Feminists have their struggles minimized and dismissed with the easy label of ‘feminazi’ and the ‘angry bra-burning women’ (as reiterated by the Urban Dictionary definition) which reminds me of Limbaugh’s comment on the feminist movement which he saw as a way to make ‘ugly women acceptable to society’. Hands down, the most ignorant comment so far!
What complicated the term for me was the initial acceptance it received by some women friends who went ahead to simply claim the label. It was used as a mark of resistance against those who exchange labels to circumvent real dialogue. Claiming the term would mean, I thought, that you step away from shaming through labels and go ahead to be assertive of your point.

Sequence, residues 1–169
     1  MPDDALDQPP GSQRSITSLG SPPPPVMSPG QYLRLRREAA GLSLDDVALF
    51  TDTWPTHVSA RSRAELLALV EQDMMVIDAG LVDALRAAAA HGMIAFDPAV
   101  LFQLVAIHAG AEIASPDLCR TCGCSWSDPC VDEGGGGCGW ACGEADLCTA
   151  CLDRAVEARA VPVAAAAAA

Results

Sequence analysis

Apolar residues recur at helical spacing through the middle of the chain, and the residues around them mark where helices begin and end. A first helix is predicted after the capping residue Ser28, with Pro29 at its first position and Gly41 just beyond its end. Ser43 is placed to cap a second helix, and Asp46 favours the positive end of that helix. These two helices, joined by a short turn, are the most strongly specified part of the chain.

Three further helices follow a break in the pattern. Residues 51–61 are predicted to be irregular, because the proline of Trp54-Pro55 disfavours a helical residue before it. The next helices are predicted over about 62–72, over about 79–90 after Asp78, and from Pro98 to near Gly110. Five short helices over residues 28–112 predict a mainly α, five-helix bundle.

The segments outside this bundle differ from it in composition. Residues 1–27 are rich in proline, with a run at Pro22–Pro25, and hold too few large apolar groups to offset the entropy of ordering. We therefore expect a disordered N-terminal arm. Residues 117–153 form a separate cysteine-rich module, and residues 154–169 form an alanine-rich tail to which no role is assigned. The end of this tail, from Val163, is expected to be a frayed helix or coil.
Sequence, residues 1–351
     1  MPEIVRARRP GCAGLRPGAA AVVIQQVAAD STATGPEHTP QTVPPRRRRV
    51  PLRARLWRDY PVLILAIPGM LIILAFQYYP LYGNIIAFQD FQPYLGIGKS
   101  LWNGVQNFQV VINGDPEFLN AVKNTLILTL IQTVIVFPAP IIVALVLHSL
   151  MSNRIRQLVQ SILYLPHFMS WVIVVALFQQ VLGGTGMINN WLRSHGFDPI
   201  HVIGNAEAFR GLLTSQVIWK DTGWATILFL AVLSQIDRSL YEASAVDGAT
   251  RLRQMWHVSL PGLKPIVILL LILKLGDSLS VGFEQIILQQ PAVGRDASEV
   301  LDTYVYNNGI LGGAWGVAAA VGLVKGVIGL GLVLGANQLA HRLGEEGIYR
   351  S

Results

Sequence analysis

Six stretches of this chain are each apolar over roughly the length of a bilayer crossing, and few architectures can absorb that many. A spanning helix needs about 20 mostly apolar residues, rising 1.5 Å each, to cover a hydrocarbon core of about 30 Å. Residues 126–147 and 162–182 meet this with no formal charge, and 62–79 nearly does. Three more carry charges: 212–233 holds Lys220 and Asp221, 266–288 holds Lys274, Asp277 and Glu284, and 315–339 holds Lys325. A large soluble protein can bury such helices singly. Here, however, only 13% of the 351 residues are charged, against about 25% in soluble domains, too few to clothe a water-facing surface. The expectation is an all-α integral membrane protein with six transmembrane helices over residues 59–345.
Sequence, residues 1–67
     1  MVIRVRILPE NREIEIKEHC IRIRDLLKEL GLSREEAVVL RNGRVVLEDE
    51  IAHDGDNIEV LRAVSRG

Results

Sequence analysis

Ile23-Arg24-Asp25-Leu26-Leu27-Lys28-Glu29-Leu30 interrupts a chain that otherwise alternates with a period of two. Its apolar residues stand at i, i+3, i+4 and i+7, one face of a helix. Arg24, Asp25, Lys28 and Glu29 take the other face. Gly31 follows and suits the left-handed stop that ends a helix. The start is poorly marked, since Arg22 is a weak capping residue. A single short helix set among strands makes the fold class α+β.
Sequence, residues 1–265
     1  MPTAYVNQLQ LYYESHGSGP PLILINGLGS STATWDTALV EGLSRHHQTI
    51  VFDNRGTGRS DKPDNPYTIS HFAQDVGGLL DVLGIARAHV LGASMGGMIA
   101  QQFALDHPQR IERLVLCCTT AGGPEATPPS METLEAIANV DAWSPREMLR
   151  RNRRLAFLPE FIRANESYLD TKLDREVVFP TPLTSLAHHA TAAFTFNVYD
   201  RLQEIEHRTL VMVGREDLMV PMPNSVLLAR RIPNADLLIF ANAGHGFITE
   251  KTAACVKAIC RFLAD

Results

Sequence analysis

However, one cannot and should not escape the parent term from which it derives its meaning. Nazism was brutal in its ideology and abhorrent practices to say the least, and to, in any way, accept the label (looking at you self-proclaimed Grammar Nazis!) or to not question when it is being used, is to undermine and dismiss the lives which were taken away by the Nazi rule. The word is dipped and taken out from the pool of high ignorance and insensitivity towards human lives and their struggles.
Feminazi. Hear or read it enough and don’t stop repeating until its origin story gnaws back at you. Because it will. Remember to retaliate, in every setting, when this word is used, when a feminist expresses an opinion too militant for the orthodoxy, because it is only then that sheer negligence and insensitivity of the user will be exposed. Resistance is key. It has always been.